Displaying your images in a portfolio is also important if you want to be a professional food photographer. You should be able to put together a consistent collection of images with a clear style so that potential customers will know what to expect from your work. Make sure that the photography website builder you choose offers the flexibility, features, and ease-of-use you need to put together professional photography portfolio websites without requiring any coding knowledge. That's where a bit of inspiration comes in handy.
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Even if you haven’t been hired yet, it’s a good idea to give yourself a brief – such as photographing a plate for a new restaurant’s launch advertisements, or a specific item for the purpose of packaging – and work to it. You can even make mock-ups of how the image would be used, in order to add these to your portfolio and demonstrate that you understand the needs of your clients.
If you are ready to take your food photography to the next level, there are a few things you can look at which are suited to professionals rather than beginners.
One of these is to start shooting tethered, with your camera on a tripod. If you are able to control the shutter from your screen, so much the better. This eliminates almost all camera shake and allows you to see the image in real-time on a much larger viewing platform than the LCD on your DSLR. This means you’re able to really spot any potential problems and create an image which is as perfect as possible.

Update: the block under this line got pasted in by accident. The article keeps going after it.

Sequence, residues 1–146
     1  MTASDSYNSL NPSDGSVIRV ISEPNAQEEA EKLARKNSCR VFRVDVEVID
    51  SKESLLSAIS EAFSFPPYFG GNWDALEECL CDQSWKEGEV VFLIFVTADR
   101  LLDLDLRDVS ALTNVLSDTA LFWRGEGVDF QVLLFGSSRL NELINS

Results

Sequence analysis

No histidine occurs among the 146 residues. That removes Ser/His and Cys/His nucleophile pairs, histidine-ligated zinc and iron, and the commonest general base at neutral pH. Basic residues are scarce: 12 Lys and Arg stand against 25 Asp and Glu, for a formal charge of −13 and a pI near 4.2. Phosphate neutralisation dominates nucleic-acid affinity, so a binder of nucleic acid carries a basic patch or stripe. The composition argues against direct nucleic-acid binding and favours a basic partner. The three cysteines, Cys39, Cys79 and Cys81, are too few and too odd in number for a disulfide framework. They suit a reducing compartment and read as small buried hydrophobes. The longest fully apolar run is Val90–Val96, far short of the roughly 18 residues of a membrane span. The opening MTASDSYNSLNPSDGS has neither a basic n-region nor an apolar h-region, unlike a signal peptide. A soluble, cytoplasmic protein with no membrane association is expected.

Steam rising from a hot dish can make it look more appetizing. Of course, this isn’t always easy to capture, especially if you miss those first few seconds before it starts to cool. The solution? Microwave some cotton balls which were previously soaked in water, then hide them behind the plate. Et voila! Home-made steam.
Make sure that you use a color calibration palette to match up your colors perfectly with real life. You can calibrate your screen as well to see exactly how the image really looks, and then calibrate it again to the output settings of the printer that will be used to check that the colors still ring true. This may seem like an overly-complex and detailed process, but it’s essential for true-to-life colors guaranteed.
Shoot next to natural light, but diffuse it. Hanging a white sheet over a window is a really good way to do this. It gives you beautiful light which spreads across the frame, rather than creating harsh shadows, and will flatter almost any plate. You can also achieve this by using a large lightbox to encompass your whole set-up. White tissue paper is the perfect filter – you can create your own by cutting out all of the sides and top from a cardboard box, leaving just the barest framework behind, and sticking tissue paper in its place. The light is diffused beautifully across the whole layout.
If you are photographing anything shiny – like a silver pan, a glass, or a liquid – then you may have noticed that you often show up in the reflections. This can give you a headache and many hours of unneeded post-production, so cut out this issue by creating a frame of white foam board or cardboard. Cut out a circle the exact size of your lens and poke it just through. The reflection will only show the circle of your lens – everything else will be smooth white.
These tips will give you the knowledge of how to photograph food from beginner level right up to becoming a professional. The most important tip of all, however, is to keep practicing. Theory can only take you so far: it’s only when you actually start to do things that you will really get the hang of them for yourself.
Take as many food pictures as you can to get yourself up to that expert level, with your own tips and tricks added to those above.